Once DOS became the de facto PC desktop standard in the 1980s, Microsoft perfected a technique called “embrace and extend” and sometimes “embrace, extend, and extinguish.” The idea was to adopt outside technologies, extend DOS to include them, then eliminate as a competitor  the original developer of the technology. This was before Microsoft figured out that it actually needed third-party developers.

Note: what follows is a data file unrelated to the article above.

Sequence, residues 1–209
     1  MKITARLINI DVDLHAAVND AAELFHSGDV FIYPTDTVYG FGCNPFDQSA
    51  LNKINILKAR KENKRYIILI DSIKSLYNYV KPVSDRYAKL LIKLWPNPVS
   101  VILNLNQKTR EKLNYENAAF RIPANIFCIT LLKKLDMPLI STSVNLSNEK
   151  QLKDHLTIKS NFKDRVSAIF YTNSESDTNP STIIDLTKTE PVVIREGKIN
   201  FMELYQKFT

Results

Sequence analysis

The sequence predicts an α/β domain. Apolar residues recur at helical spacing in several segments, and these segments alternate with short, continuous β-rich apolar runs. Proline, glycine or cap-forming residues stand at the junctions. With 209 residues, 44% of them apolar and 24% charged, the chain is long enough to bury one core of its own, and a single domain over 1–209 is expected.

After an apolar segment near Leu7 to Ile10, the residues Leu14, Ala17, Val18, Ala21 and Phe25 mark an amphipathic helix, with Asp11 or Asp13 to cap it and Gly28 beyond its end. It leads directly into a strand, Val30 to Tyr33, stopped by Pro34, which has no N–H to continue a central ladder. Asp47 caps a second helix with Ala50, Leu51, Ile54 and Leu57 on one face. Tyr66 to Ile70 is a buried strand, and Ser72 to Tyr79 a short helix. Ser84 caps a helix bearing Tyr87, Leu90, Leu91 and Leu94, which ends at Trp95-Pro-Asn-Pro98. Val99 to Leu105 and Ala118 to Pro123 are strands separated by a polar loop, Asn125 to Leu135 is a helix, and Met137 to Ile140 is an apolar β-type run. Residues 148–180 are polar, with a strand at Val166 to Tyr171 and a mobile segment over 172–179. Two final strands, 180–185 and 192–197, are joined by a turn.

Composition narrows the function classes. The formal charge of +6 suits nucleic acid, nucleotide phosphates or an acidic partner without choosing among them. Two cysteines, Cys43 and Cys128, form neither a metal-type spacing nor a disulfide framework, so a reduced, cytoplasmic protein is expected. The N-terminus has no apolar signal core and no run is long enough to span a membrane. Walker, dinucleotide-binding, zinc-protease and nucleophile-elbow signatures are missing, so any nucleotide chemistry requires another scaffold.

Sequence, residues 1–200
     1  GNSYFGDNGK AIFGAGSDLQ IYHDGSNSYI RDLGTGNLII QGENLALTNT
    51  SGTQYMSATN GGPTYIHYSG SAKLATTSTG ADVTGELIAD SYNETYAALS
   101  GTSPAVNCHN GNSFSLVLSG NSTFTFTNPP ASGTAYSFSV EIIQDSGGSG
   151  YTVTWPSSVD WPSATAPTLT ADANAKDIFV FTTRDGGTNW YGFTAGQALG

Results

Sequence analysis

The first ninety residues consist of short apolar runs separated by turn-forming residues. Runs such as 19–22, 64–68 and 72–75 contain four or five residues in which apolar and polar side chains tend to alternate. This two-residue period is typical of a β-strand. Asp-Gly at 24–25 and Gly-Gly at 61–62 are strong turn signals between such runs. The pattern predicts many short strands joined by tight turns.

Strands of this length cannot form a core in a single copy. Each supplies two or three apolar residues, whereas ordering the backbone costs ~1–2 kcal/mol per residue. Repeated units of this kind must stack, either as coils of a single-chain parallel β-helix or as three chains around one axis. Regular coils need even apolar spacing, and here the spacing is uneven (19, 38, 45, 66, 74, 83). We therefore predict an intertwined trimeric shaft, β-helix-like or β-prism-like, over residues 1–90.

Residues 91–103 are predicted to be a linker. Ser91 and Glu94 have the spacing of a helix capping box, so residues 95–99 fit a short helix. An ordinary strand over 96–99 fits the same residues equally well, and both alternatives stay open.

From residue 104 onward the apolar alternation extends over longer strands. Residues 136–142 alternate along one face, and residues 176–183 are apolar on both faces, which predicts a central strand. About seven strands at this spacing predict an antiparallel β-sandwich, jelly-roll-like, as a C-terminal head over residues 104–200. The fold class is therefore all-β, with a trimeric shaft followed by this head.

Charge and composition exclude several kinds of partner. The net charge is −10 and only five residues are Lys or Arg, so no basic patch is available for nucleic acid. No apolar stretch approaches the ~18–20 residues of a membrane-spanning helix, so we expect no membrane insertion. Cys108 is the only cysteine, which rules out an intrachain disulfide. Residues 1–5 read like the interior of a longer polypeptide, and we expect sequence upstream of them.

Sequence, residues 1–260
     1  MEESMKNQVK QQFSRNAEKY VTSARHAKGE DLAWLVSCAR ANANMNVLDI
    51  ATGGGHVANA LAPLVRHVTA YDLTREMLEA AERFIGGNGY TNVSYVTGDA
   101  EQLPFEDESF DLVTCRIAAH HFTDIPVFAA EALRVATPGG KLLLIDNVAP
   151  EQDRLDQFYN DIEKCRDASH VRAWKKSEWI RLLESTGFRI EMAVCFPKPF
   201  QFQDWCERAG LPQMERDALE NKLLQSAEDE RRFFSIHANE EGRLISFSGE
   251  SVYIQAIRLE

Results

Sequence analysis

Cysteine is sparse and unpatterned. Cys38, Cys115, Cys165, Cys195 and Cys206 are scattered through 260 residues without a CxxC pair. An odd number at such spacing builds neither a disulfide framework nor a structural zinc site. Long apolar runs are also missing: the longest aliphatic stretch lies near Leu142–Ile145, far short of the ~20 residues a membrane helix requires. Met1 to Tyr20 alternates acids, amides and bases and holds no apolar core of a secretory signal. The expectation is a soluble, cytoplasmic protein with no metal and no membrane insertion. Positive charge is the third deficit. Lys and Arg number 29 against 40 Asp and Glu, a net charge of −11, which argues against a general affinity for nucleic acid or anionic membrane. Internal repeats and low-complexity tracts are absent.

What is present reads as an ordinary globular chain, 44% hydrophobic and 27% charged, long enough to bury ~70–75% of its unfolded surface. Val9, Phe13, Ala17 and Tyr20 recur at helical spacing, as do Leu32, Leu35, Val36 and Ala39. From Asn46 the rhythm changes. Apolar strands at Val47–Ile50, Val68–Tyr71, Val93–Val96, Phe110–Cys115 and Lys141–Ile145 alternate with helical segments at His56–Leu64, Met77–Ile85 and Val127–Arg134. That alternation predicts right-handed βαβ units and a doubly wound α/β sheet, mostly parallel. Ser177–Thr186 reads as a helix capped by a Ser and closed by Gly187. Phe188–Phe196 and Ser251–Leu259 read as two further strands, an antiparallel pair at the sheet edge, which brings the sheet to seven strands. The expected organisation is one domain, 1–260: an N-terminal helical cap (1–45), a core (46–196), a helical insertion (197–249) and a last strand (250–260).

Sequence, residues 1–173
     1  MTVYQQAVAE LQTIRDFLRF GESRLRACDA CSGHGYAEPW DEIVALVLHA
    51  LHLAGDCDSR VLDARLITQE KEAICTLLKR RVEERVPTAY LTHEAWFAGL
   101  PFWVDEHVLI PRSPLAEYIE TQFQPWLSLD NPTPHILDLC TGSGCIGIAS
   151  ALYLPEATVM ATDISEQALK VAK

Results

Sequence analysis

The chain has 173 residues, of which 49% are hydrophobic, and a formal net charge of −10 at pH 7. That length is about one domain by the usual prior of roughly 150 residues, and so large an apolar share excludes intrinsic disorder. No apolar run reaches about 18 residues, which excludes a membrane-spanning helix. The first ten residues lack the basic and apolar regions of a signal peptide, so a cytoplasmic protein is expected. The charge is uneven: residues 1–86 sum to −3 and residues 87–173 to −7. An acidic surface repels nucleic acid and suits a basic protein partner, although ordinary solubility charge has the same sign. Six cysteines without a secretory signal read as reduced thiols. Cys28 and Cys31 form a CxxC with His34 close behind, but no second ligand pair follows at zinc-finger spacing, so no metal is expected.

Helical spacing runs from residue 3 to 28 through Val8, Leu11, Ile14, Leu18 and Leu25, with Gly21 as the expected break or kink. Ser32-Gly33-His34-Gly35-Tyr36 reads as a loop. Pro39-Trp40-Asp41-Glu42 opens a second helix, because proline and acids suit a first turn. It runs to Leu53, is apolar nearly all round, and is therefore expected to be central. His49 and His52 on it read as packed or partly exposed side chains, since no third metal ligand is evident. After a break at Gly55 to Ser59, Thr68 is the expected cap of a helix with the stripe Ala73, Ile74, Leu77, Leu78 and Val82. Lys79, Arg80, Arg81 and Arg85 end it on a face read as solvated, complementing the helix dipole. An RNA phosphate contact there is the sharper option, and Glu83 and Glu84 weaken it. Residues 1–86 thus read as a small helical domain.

Lots of utilities became part of DOS and later Windows this way (remember Stac electronics?). They were initially provided for free to Redmond by their authors with the idea that users would upgrade to a paid version, only users mainly didn’t upgrade because good enough was, well, good enough. So the originating companies then tended to […]